Washington. The results are coming in for the closely fought U.S. presidential elections 2016. Republican candidate Donald Trump has taken a lead in one of the most bitterly contested US Presidential elections.
Trump is leading the 69-year-old Democratic nominee by 168 electoral college votes to 131. To win the Presidential election, a candidate needs 270 of the 538 electoral college votes.
Preliminary exit polls show the racial divides that were expected to define the 2016 presidential election.
Polls conducted for national media by Edison Research show Republican Donald Trump winning a majority of white voters while Democrat Hillary Clinton is drawing support from about three out of four nonwhite voters.
Trump’s support is strongest among whites without a college degree. He’s winning nearly two—thirds of them. Whites with college degrees are split between Trump and Clinton.
Trump is winning both among white men and white women, though his margin is much higher among men.
Clinton’s strongest support comes from African-Americans. She’s winning about nine out of 10 black voters. She’s winning about two out of three Hispanics and Asian-Americans.
However, the vote margins separating Democratic nominee Clinton and Trump remained tight in a string of states that will determine the eventual outcome of the contest that has badly divided Americans.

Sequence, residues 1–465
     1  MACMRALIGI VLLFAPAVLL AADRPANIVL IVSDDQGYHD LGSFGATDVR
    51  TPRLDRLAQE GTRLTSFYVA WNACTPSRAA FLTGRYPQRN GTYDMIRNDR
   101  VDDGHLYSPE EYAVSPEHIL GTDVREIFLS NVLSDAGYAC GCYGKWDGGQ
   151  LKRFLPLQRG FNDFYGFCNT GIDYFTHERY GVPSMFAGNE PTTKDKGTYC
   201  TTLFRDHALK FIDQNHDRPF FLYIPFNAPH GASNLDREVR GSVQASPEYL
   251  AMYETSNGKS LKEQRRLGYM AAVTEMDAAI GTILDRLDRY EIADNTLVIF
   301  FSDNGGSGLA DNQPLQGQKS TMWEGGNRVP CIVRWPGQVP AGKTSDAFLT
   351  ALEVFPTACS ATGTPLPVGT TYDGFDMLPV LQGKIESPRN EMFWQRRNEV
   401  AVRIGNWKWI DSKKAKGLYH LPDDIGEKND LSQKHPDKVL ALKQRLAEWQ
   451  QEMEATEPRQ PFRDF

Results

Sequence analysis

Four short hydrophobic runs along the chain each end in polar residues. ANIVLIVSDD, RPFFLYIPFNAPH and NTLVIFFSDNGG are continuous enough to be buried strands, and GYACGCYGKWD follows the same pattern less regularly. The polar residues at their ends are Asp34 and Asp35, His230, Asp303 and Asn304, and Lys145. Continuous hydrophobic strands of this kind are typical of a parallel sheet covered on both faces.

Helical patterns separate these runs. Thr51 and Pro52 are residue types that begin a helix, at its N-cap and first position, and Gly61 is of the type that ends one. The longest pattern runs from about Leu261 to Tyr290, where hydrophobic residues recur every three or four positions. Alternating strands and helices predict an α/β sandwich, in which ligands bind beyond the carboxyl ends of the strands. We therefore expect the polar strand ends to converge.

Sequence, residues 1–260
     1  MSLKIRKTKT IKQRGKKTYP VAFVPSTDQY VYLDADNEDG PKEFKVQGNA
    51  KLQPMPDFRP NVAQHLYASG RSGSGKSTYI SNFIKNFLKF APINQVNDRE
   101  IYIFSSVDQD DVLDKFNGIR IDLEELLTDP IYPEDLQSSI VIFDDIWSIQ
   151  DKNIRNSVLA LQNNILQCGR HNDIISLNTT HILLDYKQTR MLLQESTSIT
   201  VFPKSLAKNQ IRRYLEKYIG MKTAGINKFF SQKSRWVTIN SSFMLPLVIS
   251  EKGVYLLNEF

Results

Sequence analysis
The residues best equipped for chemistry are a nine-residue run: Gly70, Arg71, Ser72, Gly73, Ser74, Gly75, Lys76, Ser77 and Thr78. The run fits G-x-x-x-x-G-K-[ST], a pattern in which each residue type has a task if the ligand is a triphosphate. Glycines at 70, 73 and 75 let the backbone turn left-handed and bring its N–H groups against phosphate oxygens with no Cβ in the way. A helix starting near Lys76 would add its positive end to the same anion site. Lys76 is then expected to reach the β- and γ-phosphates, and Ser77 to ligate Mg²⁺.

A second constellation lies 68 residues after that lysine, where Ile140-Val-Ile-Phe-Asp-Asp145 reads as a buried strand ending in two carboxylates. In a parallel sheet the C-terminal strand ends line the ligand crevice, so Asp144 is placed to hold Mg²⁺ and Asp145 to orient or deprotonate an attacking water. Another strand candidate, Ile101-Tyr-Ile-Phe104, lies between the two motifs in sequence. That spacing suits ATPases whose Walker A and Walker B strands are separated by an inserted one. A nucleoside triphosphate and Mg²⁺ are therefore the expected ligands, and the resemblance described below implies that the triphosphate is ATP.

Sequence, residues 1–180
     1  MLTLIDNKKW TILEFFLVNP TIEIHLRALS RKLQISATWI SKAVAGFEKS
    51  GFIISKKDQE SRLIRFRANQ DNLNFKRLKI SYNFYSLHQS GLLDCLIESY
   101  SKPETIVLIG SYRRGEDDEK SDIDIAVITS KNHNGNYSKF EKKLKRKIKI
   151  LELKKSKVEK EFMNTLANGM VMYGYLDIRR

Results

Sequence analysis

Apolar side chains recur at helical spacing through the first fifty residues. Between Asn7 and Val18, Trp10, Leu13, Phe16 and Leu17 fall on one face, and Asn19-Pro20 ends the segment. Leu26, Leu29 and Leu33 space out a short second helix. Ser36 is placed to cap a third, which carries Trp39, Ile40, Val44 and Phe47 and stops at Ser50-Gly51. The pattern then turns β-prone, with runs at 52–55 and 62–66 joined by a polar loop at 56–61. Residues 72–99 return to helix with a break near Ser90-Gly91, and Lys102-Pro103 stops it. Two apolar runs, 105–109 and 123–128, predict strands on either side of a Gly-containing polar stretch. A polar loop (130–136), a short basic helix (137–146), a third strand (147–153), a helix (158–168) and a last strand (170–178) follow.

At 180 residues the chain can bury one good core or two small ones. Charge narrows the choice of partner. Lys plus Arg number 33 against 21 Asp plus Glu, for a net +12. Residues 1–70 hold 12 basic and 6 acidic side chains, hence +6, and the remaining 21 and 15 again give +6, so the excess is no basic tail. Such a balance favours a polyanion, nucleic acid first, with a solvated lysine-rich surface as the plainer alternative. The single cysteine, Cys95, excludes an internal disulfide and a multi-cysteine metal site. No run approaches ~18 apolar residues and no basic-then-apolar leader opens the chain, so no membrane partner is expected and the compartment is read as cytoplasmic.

Trump wins key battleground state Ohio.Trump, 70, is ahead in the key battleground state of Florida while Clinton is projected to win in delegate-rich New York, the home state of both the candidates.
In Florida, Trump had taken a lead of about 77,000 votes which has 29 electoral college votes.Trump is also ahead in Georgia, North Carolina, Michigan, New Hampshire.
He was also leading in Ohio and Virginia when reports last came in, but results were still too close to call. Virginia, with 13 electoral college votes, has a significant Indian-American population and is home to Democratic vice-presidential nominee, Senator Tim Kaine.
In terms of overall vote percentage, Trump has so far received 49.2 per cent of the votes counted so far as against 46.8 per cent gained by Clinton.
The former Secretary of State was projected to win in New York, Texas, Michigan, Vermont, Illinois, New Jersey, Massachusetts, Maryland, Rhode Island, Delaware and the District of Columbia.
Trump was set to win in Nebraska, Kansas, Wyoming, South Carolina, Alabama, Oklahoma, Tennessee, Indiana, Kentucky, West Virginia, and Mississippi.
Georgia, New Hampshire, Arizona, Colorado, Louisiana, New Mexico, Wisconsin and North Carolina were too close to call.